When you say it "is not detected", where are you looking? There are two places to look at a lower level to determine whether there is any good function.
1. Boot up and go into BIOS Setup. Check what HDD units are detected and appear to be identified properly with their names and sizes. Is the troubled drive there apparently OK? IF it appears properly there, you should be able so see more with the next step.
2. Finish booting into Windows and use Disk Management. If you're not familiar, click Start at lower left, then RIGHT-click on My Computer and choose Manage; then choose Disk Management. It has two windows on the right. The upper one shows you all the storage devices Windows can use right now. Concentrate on the LOWER RIGHT pane which has all the hardware storage devices, even those Windows does not yet understand. This pane SCROLLS so you can see all it has. Look there for your troubled drive. If it was detected in the BIOS, it should show up there.
In that Lower Right pane, each storage unit is represented by a horizontal box. In each box on the left end is a name liked "DISK 0", a type like "Basic", a size in GB, and a status. The main part of the box is composed of one or more sub-blocks, each representing one Partition on the device. (An optical drive won't quite look this way.) A Partition is treated by Windows as one "drive" with its own letter name. Some HDD's will have only one such sub-block, but some may have more (and hence more than one "drive" on a HDD unit). Some MAY have a block at the right end labelled "Unallocated Space".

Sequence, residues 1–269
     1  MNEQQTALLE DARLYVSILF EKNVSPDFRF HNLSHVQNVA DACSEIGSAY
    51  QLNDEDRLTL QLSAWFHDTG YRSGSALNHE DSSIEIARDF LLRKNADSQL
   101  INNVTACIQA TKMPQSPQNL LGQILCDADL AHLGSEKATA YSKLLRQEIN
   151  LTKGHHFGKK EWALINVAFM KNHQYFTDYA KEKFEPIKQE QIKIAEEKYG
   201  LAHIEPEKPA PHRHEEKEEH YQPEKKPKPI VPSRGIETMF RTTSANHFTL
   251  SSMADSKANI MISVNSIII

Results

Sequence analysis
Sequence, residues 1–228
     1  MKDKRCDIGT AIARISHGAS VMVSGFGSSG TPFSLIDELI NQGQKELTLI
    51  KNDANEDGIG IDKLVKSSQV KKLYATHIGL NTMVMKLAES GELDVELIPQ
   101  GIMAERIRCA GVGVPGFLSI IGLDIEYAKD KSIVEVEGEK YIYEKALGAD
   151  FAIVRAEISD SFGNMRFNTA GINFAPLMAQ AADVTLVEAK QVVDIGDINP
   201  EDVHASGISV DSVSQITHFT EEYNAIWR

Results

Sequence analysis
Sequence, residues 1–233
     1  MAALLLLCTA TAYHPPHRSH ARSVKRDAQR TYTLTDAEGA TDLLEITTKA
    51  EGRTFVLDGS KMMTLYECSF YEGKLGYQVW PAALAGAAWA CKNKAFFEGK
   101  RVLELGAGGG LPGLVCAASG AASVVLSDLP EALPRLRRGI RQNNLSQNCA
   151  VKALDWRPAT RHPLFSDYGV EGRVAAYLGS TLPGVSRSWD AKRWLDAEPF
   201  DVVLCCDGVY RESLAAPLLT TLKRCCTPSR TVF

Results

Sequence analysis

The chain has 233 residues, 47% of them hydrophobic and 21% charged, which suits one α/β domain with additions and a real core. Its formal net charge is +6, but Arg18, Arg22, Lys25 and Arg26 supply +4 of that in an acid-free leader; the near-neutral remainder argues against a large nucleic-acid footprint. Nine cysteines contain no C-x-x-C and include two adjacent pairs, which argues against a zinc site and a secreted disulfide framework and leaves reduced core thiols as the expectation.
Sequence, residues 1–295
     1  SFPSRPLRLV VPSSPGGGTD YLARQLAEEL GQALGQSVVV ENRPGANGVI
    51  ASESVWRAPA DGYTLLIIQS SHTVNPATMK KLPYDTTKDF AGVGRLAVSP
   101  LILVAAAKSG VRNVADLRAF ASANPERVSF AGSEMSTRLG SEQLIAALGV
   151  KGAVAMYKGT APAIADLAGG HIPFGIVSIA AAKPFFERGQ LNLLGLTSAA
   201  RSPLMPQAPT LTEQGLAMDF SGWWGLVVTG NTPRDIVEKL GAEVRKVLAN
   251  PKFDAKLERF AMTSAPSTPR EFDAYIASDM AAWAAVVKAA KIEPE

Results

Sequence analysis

For each block representing a Partition on one HDD unit, there will be further info in the block: a disk name assigned when it was Formatted, like "MyDrive", the letter name Windows uses for it like C: , a size in GB followed by the File System (usually NTFS), and finally a status like "Healthy".
There are three common problems one sees here. The first is that there are no Partitions defined, and the entire space of the HDD is "Unallocated Space". This is always the state of a brand new empty HDD, and it can happen to a used HDD if the Partitions on it are Deleted.
The second problem is no letter name at the end of the first line with the Partition's name. If that is your situation and the rest of the info looks perfectly OK, there is an easy fix. You RIGHT-click on that Partition and choose to change or assign a letter name. If you do that, back out of Disk Management and reboot so Windows can update its Registry, then check My Computer for your drive.
The third problem is that the File system is not "NTFS" or "FAT32", but is shown as "RAW". If that is what you see, what it really means is that some bit of data in the HDD's structure records is corrupt so that Windows can't figure it out, BUT your data are very likely all there. You can get and use some Data Recovery software to get your data back. Most tools to do this actually need to COPY all the data to another good HDD so that it does not risk damage to the troubled HDD by actually trying to write on it. But this means that you need (at least temporarily) a spare HDD big enough to hold the recovered data.
So, post back here what you find:
Does it show in BIOS Setup?
Does it show in the LOWER RIGHT pane of Disk Management?
Can you identify anything in the Disk Management display that seems wrong?